In table tennis, we all have a style of play.

It is very important that you recognize what your strengths are and try to take advantage of them.

Do you have a good forehand smash? Play deep backhand topspin serves so that the ball pops up to your forehand.

Do you feel comfortable pushing the ball? Serve backspin to enter a push-to-push rally where you will have the advantage.

Are you better with your backhand? Stand more in the middle of the table.

If you know which shots you’re good at, you can work so that your matches revolve around your strengths.

6. Work on your placement

Casual players are usually good when you play all your shots to the same spot, but they don’t have good footwork.

That’s why if you move them from side to side, you are much more likely to earn more points.

Try to practice hitting the ball to both corners and the middle.

If you can alternate shots to both corners, your opponents will never have any breathing room, and you will be able to exploit their lack of proper footwork.

Another thing you can do is play a short ball and a long ball after that.

If you do it right, it will usually result in easy points for you as most casual players are not used to getting in and out of the table quickly.

7. Purchase a good premade racket

An important point to keep in mind when taking table tennis a little more seriously is to have your own racket. This way, you can learn how it works and you can have much more consistency.

Chances are the rackets in your office are going to be very worn out and their rubbers won’t have much grip at all.

If you want to perform the techniques that we just talked about like all the different serves or the drives and pushes, you will need a racket that has grip.

You don’t need to buy an expensive custom racket, there are many good quality premade rackets that have more than enough spin and speed.

For example, we’ve tested the Killerspin JET400 and we loved it.

These rackets are not too expensive and have high-quality blades and rubbers.

You have probably never played with a proper racket since sporting goods stores only sell cheap, poor-quality rackets.

The change is extremely noticeable. With poor quality rackets, you cannot play proper table tennis.

If you want to win at table tennis, you must have a good racket.

Once you have your racket, it is important that you clean and care for your table tennis racket properly so that it will last as long as possible.

8. Keep the ball low to the net

A key tip for casual players is to keep the ball low to the net.

The vast majority of casual players don’t attack with enough spin to get the ball up and down on the other side of the table.

Also, most casual players use rackets with no spin, so they will probably never be able to perform topspin shots. Loops cannot be played with poor-quality premade rackets.

Because of this, you mustn’t leave high balls.

If you play the ball low to the net, your opponents will never be able to attack you they won’t have enough margin for error to get the ball to land on the table.

If you find that most of your shots are travelling high over the net, you have to close the angle of your racket so the contact side is facing further towards the ground.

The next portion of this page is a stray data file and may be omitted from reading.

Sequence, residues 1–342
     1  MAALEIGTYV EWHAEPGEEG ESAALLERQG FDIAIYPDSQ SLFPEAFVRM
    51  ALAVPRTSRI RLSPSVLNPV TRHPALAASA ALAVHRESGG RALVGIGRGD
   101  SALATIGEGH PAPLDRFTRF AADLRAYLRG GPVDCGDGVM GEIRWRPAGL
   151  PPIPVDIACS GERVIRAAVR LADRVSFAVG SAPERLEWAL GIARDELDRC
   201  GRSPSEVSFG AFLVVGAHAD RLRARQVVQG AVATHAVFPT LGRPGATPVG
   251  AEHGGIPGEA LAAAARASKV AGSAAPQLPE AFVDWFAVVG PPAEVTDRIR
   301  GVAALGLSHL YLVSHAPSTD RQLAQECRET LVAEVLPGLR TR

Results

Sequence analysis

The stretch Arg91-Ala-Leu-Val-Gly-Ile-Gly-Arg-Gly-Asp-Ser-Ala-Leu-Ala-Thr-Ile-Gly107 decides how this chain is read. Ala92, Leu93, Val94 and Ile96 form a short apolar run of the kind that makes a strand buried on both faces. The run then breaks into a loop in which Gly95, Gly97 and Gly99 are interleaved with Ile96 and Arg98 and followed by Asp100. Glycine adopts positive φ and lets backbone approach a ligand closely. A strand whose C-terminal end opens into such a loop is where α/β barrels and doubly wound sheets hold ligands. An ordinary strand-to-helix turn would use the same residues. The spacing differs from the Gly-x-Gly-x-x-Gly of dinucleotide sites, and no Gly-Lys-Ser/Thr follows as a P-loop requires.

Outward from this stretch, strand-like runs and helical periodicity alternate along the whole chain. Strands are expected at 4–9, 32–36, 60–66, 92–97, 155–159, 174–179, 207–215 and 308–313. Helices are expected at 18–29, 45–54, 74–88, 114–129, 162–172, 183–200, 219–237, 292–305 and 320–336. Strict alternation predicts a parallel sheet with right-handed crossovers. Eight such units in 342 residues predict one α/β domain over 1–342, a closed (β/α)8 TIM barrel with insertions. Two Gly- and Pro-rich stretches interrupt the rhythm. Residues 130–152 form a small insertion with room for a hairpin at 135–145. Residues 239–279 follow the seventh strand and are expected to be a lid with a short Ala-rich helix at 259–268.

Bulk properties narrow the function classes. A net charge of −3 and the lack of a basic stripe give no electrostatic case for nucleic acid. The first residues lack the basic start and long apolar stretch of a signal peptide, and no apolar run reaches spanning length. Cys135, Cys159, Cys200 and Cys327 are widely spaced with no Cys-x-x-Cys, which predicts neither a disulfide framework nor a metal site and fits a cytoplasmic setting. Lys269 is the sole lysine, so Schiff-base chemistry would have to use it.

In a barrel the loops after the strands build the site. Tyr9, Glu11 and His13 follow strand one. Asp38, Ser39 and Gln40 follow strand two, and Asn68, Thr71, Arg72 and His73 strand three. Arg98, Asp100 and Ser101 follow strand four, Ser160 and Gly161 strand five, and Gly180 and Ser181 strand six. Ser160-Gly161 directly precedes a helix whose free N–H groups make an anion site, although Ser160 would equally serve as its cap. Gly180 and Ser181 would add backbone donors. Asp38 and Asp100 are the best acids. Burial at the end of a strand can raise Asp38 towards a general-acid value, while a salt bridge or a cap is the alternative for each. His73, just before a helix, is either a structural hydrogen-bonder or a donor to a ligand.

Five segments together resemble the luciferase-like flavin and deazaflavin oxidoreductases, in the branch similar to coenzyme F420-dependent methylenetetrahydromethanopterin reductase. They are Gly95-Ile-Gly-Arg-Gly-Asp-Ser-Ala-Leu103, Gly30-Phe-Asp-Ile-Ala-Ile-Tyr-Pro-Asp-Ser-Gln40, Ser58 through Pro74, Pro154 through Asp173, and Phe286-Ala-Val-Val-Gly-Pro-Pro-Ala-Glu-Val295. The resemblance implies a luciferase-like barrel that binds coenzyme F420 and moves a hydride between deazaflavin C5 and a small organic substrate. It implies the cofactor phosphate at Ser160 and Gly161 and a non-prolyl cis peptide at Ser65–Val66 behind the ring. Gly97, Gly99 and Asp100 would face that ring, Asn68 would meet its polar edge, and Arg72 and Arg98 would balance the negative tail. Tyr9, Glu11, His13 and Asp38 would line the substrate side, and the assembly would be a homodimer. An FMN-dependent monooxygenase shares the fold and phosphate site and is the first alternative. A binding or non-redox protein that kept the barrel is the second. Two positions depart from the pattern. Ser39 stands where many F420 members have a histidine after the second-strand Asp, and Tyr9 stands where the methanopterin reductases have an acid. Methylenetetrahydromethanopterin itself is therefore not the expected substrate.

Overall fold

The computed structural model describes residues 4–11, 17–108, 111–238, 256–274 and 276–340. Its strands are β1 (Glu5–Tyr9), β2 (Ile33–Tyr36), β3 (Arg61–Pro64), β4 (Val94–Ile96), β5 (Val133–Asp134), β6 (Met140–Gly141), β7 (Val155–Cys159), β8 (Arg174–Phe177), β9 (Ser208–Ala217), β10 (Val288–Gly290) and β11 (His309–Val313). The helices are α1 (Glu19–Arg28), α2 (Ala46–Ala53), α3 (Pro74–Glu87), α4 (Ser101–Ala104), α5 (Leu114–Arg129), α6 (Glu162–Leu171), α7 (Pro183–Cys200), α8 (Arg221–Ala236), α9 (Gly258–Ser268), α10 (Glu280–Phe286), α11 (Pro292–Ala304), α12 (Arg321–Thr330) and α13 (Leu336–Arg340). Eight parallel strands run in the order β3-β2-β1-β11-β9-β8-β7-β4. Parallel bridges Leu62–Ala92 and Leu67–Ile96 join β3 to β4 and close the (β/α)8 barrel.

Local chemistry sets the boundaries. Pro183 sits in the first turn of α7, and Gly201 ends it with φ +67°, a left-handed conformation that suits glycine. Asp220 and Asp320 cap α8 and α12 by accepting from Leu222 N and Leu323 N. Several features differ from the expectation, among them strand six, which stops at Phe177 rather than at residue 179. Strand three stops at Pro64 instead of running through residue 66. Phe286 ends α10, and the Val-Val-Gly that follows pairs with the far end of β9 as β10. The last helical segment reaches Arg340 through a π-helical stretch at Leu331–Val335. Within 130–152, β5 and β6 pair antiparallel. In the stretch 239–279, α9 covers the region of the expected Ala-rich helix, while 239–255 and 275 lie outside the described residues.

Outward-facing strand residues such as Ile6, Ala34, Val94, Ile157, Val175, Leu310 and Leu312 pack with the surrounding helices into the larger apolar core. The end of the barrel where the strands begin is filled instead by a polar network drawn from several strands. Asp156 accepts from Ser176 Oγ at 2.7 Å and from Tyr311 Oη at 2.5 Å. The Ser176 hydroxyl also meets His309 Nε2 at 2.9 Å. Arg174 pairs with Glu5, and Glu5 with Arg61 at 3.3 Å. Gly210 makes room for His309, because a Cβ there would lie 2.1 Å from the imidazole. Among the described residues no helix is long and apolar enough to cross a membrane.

This will neutralize your opponent’s ability to attack.

9. Play to your opponent’s weaknesses

In table tennis, we all have relative strengths and weaknesses. Even the best in the world have them.

It is important that you think about your opponent’s weaknesses and take advantage of them.

If they don’t move very well, placement is the way to go. Move them side to side. Get them in and out of the table.

If they have a killer forehand smash, play towards their backhand, or make sure to keep the ball low to the net when you play to their forehand.

If they’re good at playing backhand shots, aim for the corners.

All this must be implemented from the serve and receive. If your opponent doesn’t get in and out of the table well, serve short and then play the next ball long.

If your opponent isn’t good at backhand shots, serve long with sidespin to their backhand.

The idea of ​​table tennis is to play to your strengths and the opponent’s weaknesses.

Most casual players aren’t going to think about tactics, they’re just going to play points to the best of their ability.

If you do, you will have a huge advantage over them.

10. Think about your matches after they’re done

Related to the previous point, one of the best tips I can give you is to analyze matches once they are over.

It doesn’t have to be a very in-depth analysis, simply acknowledging how the match went and why you won or lost provides valuable information.

If you played a game, won and you’re able to identify why you won, you can try to replicate in the future what brought you success.

Conversely, if you played a game, lost, and you can identify why you lost, you can try a different game plan the next time.

If you lose and keep playing the same way, chances are your opponent will keep winning.

If you think about why they beat you, you can try to avoid it next time.

Maybe they were good at backspin rallies so you have to serve topspin.

Maybe they were good at dominating the game with their forehands so you have to play to their backhands.

Maybe they were moving you side to side so you have to work on your serve and receive to move them before they move you.

The ability to recognize situations and change for the better is what separates a normal player from a great one.

Enjoy winning your next work tournament

Once you’ve conquered all your colleagues, it’s time to take on the big leagues at a club. There, you’ll find players of all different styles and experience levels, who will help take your table tennis to the next level.

You might even need some more advanced strategies to win those matches.

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The Controller

Alvaro’s been playing Table Tennis since he was 15 and is now ranked within the top 100 in his native Argentina. He loves to compete in provincial tournaments and is always looking for ways to improve. Alvaro made his favourite memories with a racket in hand, and he joined the RacketInsight team to share his passion with other players!

Blade: Tibhar Stratus Power Wood | Forehand: XIOM Vega X | Backhand: XIOM Vega X
Playstyle: The Controller